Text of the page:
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Schenectady Touts Telemedicine Program

Schenectady officials speak on Monday
Photo provided by Alex Sutherland for WAMC
Schenectady officials speak on Monday

The City of Schenectady has launched a new telemedicine program to help patients avoid the emergency room in a potentially trying time for hospitals. 

Schenectady Fire Chief Ray Senecal spoke at a press conference Monday to provide an update on the city’s pilot program to connect those who contact 911 with doctors remotely.

“Our city, the City of Schenectady, is the first and currently only fire department in the area to offer this exclusive service,” said Senecal. “Additionally, the Schenectady Fire Department was the first fire department in the area to deliver paramedic service to its citizens over 40 years ago.”

In its first month, the Schenectady Fire Department’s new telemedicine program – part of a partnership between the city, Ellis Medicine, MVP Health Care, and United Concierge Medicine – has helped about 30 patients get treatment at home.

Schenectady Mayor Gary McCarthy…

“The simple thing is the paramedics – when the 911 call comes in – will spend a little more time on scene to better evaluate and help diagnose what the real needs are for the individual,” said McCarthy.

After paramedics are sent on a call, they will evaluate the patient. Then, if the situation allows for it, paramedics can use a tablet to connect the patient with a doctor.

Dr. Michael Bibighaus, founder and chief medical officer at United Concierge Medicine, says patients are connected quickly.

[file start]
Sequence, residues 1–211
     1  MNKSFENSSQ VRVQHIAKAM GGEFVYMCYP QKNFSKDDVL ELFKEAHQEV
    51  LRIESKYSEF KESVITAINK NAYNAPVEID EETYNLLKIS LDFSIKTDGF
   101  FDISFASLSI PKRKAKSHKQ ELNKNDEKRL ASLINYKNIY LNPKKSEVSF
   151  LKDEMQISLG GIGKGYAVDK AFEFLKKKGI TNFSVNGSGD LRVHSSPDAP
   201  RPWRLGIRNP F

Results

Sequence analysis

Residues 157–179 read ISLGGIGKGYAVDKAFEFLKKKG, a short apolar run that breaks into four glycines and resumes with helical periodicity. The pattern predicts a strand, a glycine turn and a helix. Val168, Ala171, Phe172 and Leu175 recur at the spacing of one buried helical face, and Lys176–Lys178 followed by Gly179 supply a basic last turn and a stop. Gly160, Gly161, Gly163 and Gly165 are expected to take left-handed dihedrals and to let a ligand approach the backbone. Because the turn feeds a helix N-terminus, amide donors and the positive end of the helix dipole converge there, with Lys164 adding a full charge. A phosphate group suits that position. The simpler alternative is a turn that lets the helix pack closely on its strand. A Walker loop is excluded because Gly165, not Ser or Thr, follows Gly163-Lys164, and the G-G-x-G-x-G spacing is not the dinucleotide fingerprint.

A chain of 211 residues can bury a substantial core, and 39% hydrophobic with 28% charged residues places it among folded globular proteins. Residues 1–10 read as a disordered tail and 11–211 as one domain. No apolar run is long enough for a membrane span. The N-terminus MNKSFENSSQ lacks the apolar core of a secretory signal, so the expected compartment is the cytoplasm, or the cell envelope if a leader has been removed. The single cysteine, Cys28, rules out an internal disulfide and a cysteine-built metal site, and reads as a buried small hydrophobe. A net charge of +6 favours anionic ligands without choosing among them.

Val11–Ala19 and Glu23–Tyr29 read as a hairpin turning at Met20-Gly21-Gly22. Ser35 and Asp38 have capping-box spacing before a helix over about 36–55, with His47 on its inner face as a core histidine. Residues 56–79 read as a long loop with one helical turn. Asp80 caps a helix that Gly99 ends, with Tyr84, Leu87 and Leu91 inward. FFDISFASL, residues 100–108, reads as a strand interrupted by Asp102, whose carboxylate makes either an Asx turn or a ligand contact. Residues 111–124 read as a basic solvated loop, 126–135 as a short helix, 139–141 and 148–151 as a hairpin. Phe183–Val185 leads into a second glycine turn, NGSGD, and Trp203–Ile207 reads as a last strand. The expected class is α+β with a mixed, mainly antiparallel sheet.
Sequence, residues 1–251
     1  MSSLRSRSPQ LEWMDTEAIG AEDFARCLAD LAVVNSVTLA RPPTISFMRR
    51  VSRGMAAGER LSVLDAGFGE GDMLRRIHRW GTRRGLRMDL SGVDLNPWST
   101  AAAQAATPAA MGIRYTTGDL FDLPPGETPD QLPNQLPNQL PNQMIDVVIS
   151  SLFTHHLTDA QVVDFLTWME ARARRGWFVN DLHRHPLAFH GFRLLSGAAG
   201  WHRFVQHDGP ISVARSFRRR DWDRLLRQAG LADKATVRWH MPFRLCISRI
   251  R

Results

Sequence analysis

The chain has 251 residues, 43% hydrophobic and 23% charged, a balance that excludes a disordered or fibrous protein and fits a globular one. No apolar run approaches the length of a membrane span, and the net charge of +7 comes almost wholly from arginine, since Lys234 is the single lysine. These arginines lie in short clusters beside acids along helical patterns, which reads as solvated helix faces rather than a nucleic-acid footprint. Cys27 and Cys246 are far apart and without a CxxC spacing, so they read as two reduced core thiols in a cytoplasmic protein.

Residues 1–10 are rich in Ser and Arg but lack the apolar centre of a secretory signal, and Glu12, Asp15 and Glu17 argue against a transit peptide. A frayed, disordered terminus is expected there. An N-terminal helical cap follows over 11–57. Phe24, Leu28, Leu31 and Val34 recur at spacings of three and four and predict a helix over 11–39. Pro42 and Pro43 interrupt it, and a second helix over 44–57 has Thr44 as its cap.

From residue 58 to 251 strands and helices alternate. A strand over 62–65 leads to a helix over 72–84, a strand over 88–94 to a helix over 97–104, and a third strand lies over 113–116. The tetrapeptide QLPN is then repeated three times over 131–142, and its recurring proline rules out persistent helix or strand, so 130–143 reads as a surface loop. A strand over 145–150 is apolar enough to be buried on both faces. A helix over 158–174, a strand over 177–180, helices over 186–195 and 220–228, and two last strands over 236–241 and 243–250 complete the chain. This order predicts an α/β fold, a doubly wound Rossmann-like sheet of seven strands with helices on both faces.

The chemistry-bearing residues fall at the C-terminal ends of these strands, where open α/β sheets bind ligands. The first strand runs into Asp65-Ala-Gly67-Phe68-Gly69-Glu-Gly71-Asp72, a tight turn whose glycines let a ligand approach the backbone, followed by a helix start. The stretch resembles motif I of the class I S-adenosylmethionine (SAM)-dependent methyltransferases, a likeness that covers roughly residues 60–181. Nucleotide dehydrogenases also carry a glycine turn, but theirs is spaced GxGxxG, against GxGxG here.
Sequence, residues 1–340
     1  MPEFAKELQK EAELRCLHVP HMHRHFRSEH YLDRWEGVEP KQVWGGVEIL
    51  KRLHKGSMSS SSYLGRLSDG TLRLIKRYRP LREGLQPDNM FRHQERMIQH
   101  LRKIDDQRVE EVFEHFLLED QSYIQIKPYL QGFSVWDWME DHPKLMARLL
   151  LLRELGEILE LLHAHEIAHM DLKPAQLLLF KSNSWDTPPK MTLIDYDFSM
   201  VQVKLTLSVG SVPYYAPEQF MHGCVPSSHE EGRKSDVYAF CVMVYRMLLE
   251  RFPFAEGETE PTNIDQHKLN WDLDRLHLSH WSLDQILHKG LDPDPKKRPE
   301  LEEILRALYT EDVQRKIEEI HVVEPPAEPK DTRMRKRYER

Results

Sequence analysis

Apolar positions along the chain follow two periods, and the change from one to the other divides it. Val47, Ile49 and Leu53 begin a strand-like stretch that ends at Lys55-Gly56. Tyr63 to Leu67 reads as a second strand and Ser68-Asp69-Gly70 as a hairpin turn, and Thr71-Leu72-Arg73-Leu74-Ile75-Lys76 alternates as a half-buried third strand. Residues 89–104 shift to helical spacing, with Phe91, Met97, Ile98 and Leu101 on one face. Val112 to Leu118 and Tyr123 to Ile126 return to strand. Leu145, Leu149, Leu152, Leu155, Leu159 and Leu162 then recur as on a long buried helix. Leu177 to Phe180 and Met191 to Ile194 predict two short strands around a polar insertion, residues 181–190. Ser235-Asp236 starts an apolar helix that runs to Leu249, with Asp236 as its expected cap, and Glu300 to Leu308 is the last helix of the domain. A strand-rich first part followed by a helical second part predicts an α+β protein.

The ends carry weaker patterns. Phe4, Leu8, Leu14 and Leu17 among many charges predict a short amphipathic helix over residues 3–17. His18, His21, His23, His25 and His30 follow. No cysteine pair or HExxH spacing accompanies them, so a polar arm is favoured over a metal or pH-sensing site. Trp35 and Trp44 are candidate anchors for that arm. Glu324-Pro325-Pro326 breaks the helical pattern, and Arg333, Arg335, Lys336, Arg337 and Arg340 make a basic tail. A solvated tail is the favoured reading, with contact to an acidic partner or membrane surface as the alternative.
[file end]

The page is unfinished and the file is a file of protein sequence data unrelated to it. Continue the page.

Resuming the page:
“It’s in a matter of minutes. Less than five, for sure,” said Bibighaus.

The doctor gave an example – say a patient with asthma is having difficulty breathing but they are out of medicine. Bibighuas said paramedics already on scene can administer an inhaler, and he can ensure the patient receives care without having to visit a doctor’s office or emergency room.

“I, as a provider, can send a prescription or a refill for that asthma medication to the pharmacy. So they were treated on site, they don’t need to be treated at the hospital because the emergent issue was taken care of, and then we can help with ordering up the medication, and then our service – our team – does follow-up with that patient in a couple of days to make sure that they’re doing better. And then that’s where we can work with insurance providers like MVP to get wraparound care for that patient, to get them connected to their primary care doctor and other services that they need.”

In other situations, a patient could be directed to an urgent care, or a doctor’s appointment could be scheduled for the next day.

Augusta Martin is Vice President of Business Development at MVP Health Care…

“This is especially valuable during these dire times when many frail and elderly may need care but may not necessarily need the emergency room,” said Martin.

Paul Milton, CEO at Ellis Medicine, says telemedicine is an example of the healthcare provider looking toward the future.

“We don’t want to perpetuate what we’ve always done in the past. We want to be creative and innovative and do the thing that’s right. It wouldn’t happen without the ideas of the people here. And for everybody that comes into the ER now, for example…there may be much better places to care of them in the community with the resources that we have  and using technology in the way that we can,” said Milton.

Lucas Willard is a news reporter and host at WAMC Northeast Public Radio, which he joined in 2011. He produces and hosts The Best of Our Knowledge and WAMC Listening Party.